Jury deliberations underway in Edmonton bar promoter's sex assault trial

After listening to 12 weeks of testimony, a jury of 10 is now deliberating in the Matthew McKnight sexual assault trial. 

The former Edmonton bar promoter is accused of sexually assaulting 13 women between 2010 and 2016.

Twelve of the alleged victims testified at McKnight's trial, providing sexually explicit accounts that sometimes became emotional.

The women met McKnight at night clubs and most were invited back to his downtown Edmonton apartment for an after-party. All but one of the alleged assaults took place in McKnight's bedroom.

"It's completely improbable that each of the 12 women who testified misunderstood their night with Mr. McKnight," Crown prosecutor Katherine Fraser told the jury in closing arguments Monday. 

But Fraser said the women had different reactions to what happened to them.

"Some don't recall much, some froze, some remained mute, some said 'No' or 'Stop,' some admitted to performing other sexual acts and some fought back physically," Fraser said. 

A number of the complainants suggested McKnight drugged them before taking them to bed. 

That allegation was rejected by defence lawyer Dino Bottos during his closing arguments last week. 

"Let's get real," Bottos said. "There's not a single piece of hard evidence, medical evidence, any of these women was drugged. Nothing." 

In her charge to the jury Monday evening, Court of Queen's Bench Justice Doreen Sulyma cautioned the five men and five women about making assumptions.

"You must not assume the guilt of Mr. McKnight on any count, or all of them, simply from the number of complainants that have testified against him at this trial," Sulyma said. "This is not a popularity contest. Each count must be considered on its own merits." 

The judge also warned jury members not to use a verdict of guilty or not guilty on one of the counts to help them decide McKnight's guilt or innocence on other charges. 

"Even if you find that the accused committed one or more of the acts alleged, it does not mean that he committed all of the acts alleged by the complainants," she said. 

Sulyma began reading her charge to the jury at 3 p.m. Monday and concluded at 10 p.m. Jury members then retired to an Edmonton hotel for the night. They'll remain sequestered until they reach unanimous verdicts on all 13 counts, or until they have indicated they are unable to reach unanimous verdicts. 

'Do not associate promiscuous behaviour with a lack of credibility' 

McKnight testified for eight days. He admitted to having sex with 12 of the 13 women, but insisted it was consensual. In the case of the 13th complainant, McKnight said all they did was kiss.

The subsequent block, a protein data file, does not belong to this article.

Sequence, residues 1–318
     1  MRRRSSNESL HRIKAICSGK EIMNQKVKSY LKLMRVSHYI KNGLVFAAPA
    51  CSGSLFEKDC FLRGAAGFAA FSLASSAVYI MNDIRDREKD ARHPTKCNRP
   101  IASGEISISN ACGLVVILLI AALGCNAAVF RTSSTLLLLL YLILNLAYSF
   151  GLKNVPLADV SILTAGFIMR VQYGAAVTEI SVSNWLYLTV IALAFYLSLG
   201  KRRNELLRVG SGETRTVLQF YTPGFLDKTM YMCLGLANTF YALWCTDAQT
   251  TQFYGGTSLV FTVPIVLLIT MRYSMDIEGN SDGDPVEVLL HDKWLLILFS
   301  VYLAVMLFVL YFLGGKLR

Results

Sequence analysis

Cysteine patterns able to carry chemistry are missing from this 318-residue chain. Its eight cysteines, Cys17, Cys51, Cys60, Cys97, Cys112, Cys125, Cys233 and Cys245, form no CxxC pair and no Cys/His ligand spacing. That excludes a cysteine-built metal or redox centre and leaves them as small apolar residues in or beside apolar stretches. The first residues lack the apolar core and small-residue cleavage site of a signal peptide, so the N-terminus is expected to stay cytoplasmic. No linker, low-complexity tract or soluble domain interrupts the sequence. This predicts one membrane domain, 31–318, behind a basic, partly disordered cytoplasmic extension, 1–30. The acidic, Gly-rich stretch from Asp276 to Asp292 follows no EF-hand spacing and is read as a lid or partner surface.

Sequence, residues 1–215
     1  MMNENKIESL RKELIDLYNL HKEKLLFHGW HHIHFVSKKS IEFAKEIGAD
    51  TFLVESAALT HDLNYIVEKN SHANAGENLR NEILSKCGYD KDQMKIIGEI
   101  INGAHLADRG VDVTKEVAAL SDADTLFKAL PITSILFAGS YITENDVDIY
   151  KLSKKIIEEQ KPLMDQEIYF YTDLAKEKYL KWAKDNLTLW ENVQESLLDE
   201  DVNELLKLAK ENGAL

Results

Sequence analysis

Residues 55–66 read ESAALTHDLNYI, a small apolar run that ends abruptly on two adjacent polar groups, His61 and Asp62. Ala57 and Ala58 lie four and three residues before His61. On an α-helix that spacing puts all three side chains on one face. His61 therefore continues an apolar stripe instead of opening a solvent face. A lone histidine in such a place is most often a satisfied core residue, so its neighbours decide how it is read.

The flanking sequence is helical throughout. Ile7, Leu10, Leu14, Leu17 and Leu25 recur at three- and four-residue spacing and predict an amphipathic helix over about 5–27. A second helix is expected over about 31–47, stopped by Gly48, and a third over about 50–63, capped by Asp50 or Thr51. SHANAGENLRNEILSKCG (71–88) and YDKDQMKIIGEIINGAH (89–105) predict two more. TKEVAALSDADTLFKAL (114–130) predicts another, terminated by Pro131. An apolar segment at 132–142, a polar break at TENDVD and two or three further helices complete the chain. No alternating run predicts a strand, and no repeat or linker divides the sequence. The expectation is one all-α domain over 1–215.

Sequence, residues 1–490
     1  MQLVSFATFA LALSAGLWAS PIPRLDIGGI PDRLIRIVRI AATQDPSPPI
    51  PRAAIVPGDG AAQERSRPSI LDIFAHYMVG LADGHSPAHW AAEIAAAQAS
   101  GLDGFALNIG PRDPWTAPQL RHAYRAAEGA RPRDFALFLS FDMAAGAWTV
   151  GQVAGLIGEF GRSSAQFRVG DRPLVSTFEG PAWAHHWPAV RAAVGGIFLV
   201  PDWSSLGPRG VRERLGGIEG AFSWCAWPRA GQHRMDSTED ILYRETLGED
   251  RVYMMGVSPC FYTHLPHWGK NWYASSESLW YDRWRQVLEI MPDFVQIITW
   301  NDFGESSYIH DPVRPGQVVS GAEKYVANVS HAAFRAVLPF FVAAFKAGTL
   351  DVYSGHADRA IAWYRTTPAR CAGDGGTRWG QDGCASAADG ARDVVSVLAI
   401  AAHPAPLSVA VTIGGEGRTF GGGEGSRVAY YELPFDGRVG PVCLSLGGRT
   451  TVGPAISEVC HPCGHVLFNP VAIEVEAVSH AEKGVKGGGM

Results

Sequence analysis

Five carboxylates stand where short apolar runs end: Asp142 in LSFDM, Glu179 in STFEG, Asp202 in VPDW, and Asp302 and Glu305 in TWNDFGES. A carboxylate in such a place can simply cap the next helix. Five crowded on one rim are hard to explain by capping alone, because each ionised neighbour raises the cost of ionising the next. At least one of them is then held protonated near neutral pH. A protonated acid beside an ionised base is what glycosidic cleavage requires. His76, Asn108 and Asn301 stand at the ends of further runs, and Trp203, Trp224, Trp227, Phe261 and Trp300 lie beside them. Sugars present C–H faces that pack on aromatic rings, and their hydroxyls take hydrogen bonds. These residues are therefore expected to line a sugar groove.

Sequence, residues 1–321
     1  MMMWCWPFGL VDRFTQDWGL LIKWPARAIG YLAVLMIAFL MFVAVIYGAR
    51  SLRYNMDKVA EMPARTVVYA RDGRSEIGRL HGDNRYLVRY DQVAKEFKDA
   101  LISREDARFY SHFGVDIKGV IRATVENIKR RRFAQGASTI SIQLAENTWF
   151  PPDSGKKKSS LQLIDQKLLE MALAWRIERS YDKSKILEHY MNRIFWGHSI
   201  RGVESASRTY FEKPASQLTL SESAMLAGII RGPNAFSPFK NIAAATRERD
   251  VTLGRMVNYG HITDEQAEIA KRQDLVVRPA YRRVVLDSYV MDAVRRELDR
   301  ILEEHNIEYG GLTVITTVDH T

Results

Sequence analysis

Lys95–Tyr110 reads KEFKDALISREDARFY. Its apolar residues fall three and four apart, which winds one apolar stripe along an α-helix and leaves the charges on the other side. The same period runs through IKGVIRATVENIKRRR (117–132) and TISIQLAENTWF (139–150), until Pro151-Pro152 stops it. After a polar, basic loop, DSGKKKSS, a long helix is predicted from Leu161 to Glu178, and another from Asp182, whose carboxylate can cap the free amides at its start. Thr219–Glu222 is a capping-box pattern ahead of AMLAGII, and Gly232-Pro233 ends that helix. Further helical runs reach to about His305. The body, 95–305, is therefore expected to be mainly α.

During cross-examination, McKnight admitted to having sexual relations with between 200 and 300 women between 2010 and 2016.

The judge warned the jury they should not infer from that admission that McKnight is a sexual predator. 

"One's desire to engage in sexual activity does not equate to behaviour of a sexual predator," Sulyma said. "Be extremely vigilant that you do not associate promiscuous behaviour with a lack of credibility."

In his closing argument, defence lawyer Bottos said the world is different from the one he grew up in.

"People under 30, 35, have been exposed to a far more robust celebration of sexual activity. Promiscuity, hookups, having multiple sexual partners can be celebrated," Bottos said.

Edmonton Police Service

He argued the women who testified had too many inconsistencies in their stories. He also suggested some of them fell prey to the power of suggestion after Edmonton police issued news releases about the case in August and September of 2016.

"It is not the defence's position that they are all deliberately untruthful, but the memory science shows how easy it is to create a false or illusory memory based on the power of suggestion," Sulyma said as she summed up the position of the defence. 

"When the police used the media release as the first step in their investigation, it created the conditions to have these complainants reinterpret their experiences in a way that aligned with the message they were hearing from investigators, the media, social media, and their friends."

Five of the complainants spoke to police and went to hospital almost immediately after their encounters with McKnight. The remaining women came forward after police issued news releases.